On April 8, 1865, after four years of civil war, General Robert E. Lee wrote to General Ulysses S. Grant asking for peace. Peace was beyond his authority to negotiate, Grant replied, but surrender terms he would discuss. As Gregory Downs reveals in this gripping history of post–Civil War America, Grant’s distinction proved prophetic, for peace would elude the South for years after Lee’s surrender at Appomattox.
After Appomattox argues that the war did not end with Confederate capitulation in 1865. Instead, a second phase commenced which lasted until 1871—not the project euphemistically called Reconstruction but a state of genuine belligerency whose mission was to shape the terms of peace. Using its war powers, the U.S. Army oversaw an ambitious occupation, stationing tens of thousands of troops in hundreds of outposts across the defeated South. This groundbreaking study of the post-surrender occupation makes clear that its purpose was to crush slavery and to create meaningful civil and political rights for freed people in the face of rebels’ bold resistance.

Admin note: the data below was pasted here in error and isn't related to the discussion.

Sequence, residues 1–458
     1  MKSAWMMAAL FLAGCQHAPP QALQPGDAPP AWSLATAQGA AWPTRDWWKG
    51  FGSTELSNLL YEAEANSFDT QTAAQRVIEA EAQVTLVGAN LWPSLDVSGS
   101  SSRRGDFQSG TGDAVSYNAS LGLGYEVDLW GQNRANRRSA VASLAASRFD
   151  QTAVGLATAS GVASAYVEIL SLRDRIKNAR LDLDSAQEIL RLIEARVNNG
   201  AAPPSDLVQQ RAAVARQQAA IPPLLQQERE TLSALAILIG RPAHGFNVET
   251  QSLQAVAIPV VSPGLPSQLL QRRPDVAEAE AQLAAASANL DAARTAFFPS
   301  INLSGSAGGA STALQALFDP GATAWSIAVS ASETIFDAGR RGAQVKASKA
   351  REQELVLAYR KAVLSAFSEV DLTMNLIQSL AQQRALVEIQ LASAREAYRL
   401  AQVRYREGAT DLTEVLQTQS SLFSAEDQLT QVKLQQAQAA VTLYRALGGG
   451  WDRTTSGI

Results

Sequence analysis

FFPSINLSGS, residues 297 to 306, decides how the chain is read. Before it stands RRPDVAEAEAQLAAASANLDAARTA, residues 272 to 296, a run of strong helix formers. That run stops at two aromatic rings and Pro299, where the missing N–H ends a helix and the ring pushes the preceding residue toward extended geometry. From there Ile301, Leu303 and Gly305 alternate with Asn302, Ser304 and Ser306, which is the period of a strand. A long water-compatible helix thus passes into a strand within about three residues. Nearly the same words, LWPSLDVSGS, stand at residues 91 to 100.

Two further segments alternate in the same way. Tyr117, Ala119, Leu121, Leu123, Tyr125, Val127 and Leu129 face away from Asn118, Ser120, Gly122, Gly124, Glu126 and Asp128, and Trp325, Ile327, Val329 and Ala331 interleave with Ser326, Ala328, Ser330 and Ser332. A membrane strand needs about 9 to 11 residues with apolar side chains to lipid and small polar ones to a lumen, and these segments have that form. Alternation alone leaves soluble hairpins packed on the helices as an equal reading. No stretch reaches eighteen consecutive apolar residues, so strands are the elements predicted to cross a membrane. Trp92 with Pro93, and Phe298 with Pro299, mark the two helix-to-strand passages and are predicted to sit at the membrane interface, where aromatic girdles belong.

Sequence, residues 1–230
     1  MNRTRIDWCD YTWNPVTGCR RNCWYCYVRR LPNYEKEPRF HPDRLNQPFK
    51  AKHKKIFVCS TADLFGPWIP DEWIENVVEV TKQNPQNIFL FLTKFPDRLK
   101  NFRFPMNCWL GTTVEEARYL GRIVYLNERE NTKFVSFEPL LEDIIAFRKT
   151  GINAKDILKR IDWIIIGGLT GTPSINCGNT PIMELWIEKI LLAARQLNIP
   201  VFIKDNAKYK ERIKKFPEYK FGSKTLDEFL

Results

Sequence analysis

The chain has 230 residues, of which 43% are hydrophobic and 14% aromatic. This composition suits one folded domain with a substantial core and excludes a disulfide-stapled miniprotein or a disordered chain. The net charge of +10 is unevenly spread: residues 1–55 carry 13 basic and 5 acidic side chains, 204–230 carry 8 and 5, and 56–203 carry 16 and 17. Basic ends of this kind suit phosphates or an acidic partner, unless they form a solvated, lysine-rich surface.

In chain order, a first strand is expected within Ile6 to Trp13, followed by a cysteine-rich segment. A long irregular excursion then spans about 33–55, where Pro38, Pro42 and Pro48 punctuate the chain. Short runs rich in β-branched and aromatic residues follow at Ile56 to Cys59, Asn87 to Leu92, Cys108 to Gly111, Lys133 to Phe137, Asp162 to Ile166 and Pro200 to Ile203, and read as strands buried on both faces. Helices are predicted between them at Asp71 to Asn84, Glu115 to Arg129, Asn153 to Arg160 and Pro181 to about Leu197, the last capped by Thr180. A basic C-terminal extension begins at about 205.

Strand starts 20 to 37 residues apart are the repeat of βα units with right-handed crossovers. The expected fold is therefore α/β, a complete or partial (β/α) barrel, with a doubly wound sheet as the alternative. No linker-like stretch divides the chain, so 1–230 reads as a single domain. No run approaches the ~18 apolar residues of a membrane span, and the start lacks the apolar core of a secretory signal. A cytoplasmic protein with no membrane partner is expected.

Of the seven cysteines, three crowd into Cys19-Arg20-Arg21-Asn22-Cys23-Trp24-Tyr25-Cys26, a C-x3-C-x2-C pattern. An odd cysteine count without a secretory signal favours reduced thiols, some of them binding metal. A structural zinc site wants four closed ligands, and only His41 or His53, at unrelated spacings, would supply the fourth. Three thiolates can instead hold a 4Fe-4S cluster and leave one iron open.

But reliance on military occupation posed its own dilemmas. In areas beyond Army control, the Ku Klux Klan and other violent insurgencies created near-anarchy. Voters in the North also could not stomach an expensive and demoralizing occupation. Under those pressures, by 1871, the Civil War came to its legal end. The wartime after Appomattox disrupted planter power and established important rights, but the dawn of legal peacetime heralded the return of rebel power, not a sustainable peace.